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The Spirit of Growth

Nowhere in the history of Indian industrial relations has the concept of creative collective bargaining been better exemplified than in the harmony that characterises the Tata Steel Union's relationship with the steel major. It is 'The Perfect Partnership', one that has evolved for 100 years.

Over this period of differences and reconciliation; over tensions, contentions and resolution; over visionary concern for each other's well-being; overcoming monumental changes in India's industrial structure and cataclysmic developments of moving from a closed economy to an open, liberal industrial economy, the Labour Association, was born in 1920 as the first avatar of the dynamic stalwart of today.

Its relationship with the Tata Steel management is one that has strengthened and blossomed, in what is best described as 'A Century of Unity'.

Highlights of a historic journey

  1. 1920s

    1920s: Jamshedpur Labour Association established

    1922s: Second strike launched and management withdrew its recognition

    1925s: Conciliation committee with C R Das as Chairman formed. to break the deadlock. Mahatma Gandhi visited Jamshedpur and recognition of the Union was restored

    1928s: Subhas Chandra Bose inducted as President

    TISCO witnessed strike for the last time and thus ushering an era of Industrial Harmony


    Gandhi's message to workers, 1925

    It was my ambition to see one of the greatestif not the greatest – Indian enterprises in India, and study the conditions of work here. But none of my activities is one-sided, and as my religion begins and ends with truth and nonviolence, my identification with labour does not conflict with my friendship with labour... ...And believe me, throughout my public service of 35 years, though I have been obliged to range myself seemingly against capital, capitalists have in the end regarded me as their true friend. And in all humility I may say that I have come here also as a friend of the capitalists - a friend of the Tatas.

  2. 1930s

    1934: Profit Sharing Bonus was introduced

    1938: Jamshedpur Labour association re-christened as Tata Workers' Union

    1939: Jawaharlal Nehru and Rajendra Prasad visited Jamshedpur to further strengthen the Union - Management harmony

    Jamshedpur as an industrial centre has a special importance because it is an epitome of India and people from all provinces congregate there. It should be the object of every wellwisher of labour to build up an ideal labour organization there.
    The Company is helping labour not only by recognizing their association but also by collecting monthly subscriptions on pay day on behalf of the Labour Association

  3. 1940s

    1942: Tata Workers' Union leaders took active part in the 1942 Quit India Movement

    1945: Study Leave introduced

    1946: The Agreement of 1946 signed

    1947: Prime Minister Jawaharlal Nehru wrote to JRD Tata "I am also glad that you have taken further steps to remove discontent and re-establish the morale of the workers"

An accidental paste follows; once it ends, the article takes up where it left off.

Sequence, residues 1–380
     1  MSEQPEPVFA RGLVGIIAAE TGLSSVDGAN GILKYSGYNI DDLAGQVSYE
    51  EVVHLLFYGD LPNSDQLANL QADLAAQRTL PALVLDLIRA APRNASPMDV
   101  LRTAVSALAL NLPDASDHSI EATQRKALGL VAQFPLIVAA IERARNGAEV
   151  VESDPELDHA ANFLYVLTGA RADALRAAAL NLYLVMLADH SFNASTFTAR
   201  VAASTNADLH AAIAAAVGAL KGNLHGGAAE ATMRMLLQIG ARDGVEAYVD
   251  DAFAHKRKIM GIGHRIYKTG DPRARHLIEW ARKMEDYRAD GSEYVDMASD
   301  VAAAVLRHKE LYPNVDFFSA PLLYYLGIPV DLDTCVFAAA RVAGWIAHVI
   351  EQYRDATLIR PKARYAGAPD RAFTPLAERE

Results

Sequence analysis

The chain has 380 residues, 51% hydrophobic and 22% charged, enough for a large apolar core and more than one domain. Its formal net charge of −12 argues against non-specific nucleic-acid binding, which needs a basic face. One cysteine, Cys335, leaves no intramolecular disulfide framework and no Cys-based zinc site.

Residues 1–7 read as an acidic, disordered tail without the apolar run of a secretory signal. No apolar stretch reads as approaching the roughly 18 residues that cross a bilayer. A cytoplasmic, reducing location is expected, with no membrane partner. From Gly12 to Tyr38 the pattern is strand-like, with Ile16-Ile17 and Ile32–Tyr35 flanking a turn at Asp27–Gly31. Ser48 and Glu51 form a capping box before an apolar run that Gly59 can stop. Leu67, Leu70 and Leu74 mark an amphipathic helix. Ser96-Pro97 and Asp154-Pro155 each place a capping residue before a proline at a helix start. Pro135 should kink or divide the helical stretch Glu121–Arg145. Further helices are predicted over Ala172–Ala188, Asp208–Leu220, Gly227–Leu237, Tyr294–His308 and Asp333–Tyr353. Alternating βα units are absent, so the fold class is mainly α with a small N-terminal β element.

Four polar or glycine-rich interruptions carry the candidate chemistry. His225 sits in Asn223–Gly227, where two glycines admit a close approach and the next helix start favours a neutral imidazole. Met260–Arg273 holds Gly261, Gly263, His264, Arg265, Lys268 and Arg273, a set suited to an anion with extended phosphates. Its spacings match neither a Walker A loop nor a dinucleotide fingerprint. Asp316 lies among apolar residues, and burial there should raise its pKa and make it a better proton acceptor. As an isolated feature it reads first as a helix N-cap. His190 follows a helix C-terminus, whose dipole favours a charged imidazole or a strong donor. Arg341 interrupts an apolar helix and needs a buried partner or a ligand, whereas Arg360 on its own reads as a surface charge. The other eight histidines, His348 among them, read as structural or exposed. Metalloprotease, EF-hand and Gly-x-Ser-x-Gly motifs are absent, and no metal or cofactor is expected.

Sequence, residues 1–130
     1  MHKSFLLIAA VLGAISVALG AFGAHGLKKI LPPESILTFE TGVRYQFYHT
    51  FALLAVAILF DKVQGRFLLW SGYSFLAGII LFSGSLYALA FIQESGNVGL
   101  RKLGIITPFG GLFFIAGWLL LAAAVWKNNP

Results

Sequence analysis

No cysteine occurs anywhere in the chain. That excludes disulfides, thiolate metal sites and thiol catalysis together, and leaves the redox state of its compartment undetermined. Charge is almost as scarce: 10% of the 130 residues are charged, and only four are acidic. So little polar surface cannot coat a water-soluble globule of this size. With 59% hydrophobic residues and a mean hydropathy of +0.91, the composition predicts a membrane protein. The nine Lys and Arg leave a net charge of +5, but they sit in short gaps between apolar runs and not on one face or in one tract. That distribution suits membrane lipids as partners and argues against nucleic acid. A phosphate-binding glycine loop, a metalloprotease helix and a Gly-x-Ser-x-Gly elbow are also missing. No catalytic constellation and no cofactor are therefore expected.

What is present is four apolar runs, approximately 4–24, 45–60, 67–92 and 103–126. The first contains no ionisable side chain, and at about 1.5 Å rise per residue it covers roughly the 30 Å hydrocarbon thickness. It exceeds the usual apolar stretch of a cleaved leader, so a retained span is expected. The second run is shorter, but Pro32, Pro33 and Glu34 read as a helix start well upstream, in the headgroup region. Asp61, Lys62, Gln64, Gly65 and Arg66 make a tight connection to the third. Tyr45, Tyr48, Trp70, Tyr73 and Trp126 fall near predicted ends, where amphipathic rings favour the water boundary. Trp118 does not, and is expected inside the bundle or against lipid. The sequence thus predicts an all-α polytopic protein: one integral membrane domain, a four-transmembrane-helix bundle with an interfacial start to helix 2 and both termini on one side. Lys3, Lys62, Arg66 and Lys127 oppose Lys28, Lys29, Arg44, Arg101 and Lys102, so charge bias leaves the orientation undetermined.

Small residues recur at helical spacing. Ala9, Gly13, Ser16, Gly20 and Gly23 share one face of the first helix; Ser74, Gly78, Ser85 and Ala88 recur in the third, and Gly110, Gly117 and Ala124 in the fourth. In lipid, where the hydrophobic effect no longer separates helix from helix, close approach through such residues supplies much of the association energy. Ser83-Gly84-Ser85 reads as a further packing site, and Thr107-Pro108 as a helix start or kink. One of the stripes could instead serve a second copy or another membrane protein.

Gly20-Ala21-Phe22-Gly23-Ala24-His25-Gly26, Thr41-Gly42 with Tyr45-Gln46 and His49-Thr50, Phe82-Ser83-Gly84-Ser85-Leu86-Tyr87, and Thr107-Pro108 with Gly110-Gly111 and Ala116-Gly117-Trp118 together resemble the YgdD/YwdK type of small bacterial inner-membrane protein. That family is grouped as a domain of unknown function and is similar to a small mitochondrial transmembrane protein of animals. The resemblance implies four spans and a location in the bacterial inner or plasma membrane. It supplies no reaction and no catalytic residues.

1947: Personnel Division of Tata Steel formed

    1948: TWU opened unit for the Supervisors and Technicians

  4. 1950s

    1954: Tata Workers' Union introduced sickness benefit scheme for members

    1956: The famous Agreement of 1956 signed


    Jawaharlal Nehru's message to workers, 1958

    I wanted to come not only because of the importance of this great steel works here and this city Jamshedpur, but even more so because this place has become symbolic in some ways of the growth of Indian industry.

  5. 1960s

    1962: TWU run two high schools for the education of member's children. Government of Bihar took over the charge of these schools later

    1969: Memorandum of Settlement was signed between the Management and the TWU

  6. 1970s

    1977: Michael John, President TWU passed away on August 3, 1977

    1977: TWU opposed the Government of India's plan to nationalize Tata Steel

    1978: Life Cover Scheme was introduced

    1978: Tata Workers Union moves into their building on March 19, 1978

    1970s: Wage Agreements were signed between the Management and TWU in 1970, 1975, 1978

  7. 1980s

    1980: The first Social Audit Report submitted

    1980: Sick Leave Encashment Scheme introduced

    1983: Wage Agreement signed between Management and TWU

    1984: Michael John Centre for Research and Human Resources development set up

    1987: TWU's Information Centre and Library inaugurated on January 1

    1989: Pension Scheme introduced

    1989: TWU's in house journal "Mazdoor Awaz" commenced publication

    1989: Wage Agreement signed between the Management and the TWU

  8. 1990s

    1990: Medical Separation Scheme introduced

    1995: Employees Family Benefit Scheme (E.F.B.S) launched

    1995: Early Separation Scheme introduced

    1995: Memorandum of Settlement between Management and TWU

    1999: Wage Agreement signed between the Management and TWU

  9. 2000s

    2001: Wage Agreement signed between the Management and TWU

    2001: Family Benefit Scheme launched

    2002: Shabash launched. The company took another remarkable step in extending its appreciation to its employees with the launch of "Shabash", a new scheme for instant rewards and recognition for significant contribution by unionised employees

    2003: Bonus agreement signed

    2003: RD Tata Technical Training Centre established

    2004: 75 Years of Industrial Harmony celebrated

    2008: Memorandum of Understanding signed between Management and TWU for Annual Bonus for the accounting year 2007-08

  10. 2010s

    2012: Suraksha Scheme for Contract Labour introduced in 2012

    2014: Family Support Scheme introduced

    2016: Tata Steel bags the 'National Award for Outstanding Achievement in Industrial Relations' by All India Organisation of Employers (AIOE)

    2019: Paternity BenefitScheme introduced



Leadership at the helm

Tata Workers' Union has always given a stable leadership with continuous guidance, which is its major strength. Between 1920 and 2006 there were only nine Presidents, in contrast to other national trade union organisations. The Tata Workers' Union has always given utmost importance to their collective bargaining with a participative management to maintain industrial prosperity and harmony.